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Deep Meditation

TM could be good for you too

You could learn about TM (Transcendental Meditation) and improve your life and yourself through it. TM is compatible with wise enough religions. The present pope, Benedictus XVI, when he was Cardinal Ratzinger, signed a newsletter in 1990 where TM, along with other eastern meditations, was described as helpful . . . to attain peace "even amidst turbulence". At that time the Ratzinger was the prime custodian in the world of the purity of catholisism, overseeing the doctrine of the Catholic Faith. [◦Link]

The Buddhist leader Bhikkhu Sanghasena practices Trancendental Meditation, and has decided to introduce TM in his schools and monastery in Ladakh, Kashmir in Himalayan India. People from all over the world formerly came to his international meditation center to learn his buddhistic meditation techniques. Sangashena has expressed great appreciation of Maharishi and his teachings, which he will implement in Ladakh, including Maharishi Ayurveda and Consciousness-Based Education. [Ibid]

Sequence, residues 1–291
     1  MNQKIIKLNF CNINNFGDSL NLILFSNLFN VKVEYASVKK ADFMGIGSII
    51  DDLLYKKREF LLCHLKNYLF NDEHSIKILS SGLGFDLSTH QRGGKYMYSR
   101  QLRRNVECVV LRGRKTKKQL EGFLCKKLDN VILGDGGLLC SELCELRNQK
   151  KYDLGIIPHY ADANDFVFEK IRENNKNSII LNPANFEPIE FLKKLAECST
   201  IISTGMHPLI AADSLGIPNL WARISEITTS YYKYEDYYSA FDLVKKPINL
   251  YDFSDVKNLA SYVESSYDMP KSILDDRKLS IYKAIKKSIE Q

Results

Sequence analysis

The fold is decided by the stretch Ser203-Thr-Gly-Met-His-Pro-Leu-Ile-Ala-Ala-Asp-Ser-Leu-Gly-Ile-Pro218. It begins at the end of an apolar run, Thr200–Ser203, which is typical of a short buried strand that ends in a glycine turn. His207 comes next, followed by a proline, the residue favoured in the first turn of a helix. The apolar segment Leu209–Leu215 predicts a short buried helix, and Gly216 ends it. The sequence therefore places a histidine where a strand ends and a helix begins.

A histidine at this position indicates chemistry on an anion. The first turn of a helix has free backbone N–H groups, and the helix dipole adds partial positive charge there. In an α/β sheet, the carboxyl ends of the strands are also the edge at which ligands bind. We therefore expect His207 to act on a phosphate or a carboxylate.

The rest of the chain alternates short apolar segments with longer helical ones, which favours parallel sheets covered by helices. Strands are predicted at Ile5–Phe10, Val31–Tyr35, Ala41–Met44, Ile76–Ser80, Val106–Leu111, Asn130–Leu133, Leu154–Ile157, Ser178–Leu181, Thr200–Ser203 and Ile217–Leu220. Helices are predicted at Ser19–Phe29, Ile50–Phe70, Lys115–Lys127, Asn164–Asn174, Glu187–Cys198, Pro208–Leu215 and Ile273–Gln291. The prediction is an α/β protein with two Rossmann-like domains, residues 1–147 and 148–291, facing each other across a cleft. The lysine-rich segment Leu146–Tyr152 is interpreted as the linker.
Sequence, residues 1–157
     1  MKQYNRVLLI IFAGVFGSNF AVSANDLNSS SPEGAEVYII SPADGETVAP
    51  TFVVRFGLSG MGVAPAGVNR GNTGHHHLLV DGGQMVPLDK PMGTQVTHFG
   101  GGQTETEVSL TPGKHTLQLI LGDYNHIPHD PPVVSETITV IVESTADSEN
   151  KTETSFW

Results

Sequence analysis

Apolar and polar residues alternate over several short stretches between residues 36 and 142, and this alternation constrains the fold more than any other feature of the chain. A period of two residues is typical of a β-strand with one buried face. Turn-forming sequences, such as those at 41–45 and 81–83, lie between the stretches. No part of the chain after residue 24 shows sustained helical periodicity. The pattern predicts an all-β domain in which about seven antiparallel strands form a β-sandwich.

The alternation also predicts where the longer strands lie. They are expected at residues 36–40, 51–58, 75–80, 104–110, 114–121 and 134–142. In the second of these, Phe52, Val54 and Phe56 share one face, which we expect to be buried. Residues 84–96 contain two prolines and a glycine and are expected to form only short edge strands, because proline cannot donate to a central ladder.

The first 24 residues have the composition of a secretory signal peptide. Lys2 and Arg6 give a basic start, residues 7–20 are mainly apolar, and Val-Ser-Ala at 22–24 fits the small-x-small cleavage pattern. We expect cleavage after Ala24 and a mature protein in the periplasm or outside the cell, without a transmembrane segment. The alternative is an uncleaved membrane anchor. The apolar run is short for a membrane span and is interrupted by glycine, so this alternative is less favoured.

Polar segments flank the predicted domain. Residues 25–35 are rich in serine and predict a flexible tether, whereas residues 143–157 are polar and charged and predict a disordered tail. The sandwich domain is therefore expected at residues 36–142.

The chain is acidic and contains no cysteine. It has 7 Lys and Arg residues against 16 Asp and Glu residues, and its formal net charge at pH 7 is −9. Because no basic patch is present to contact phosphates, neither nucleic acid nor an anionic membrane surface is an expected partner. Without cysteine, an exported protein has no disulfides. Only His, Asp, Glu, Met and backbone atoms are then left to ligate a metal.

During the last few years, Rev. Koji Oshima, a Japanese Buddhist monk, a TM-Sidha, who practices TM since 9 years, has inspired Buddhist monks in Thailand and Sri Lanka to learn TM. Today over 3100 Buddhist monks have learned TM. [Ibid]

Deep meditation such as TM may assist men and women of many kinds of faith. You do not have to be estranged from it through hearsay and the like.

"Bah, bah, little lamb" and its likely impact

"At the end of the rainbow is wine to be found." The pot of gold at the end of the rainbow may be nature smiling to you.

Save those you care about from dangerous faults, in any decent way you can come up with.

"Bah, bah, little lamb" shows concerns that eventually make it "clear" in abundance to a little tot that sheep can be sheared and made use of beneath us.

Some folks have great needs to whitewash facades. However, insincerity can make hospitality tricky. Insincere guys and hypocricy should not be more welcome than a fart.

Have neighbours got the blame – all of it?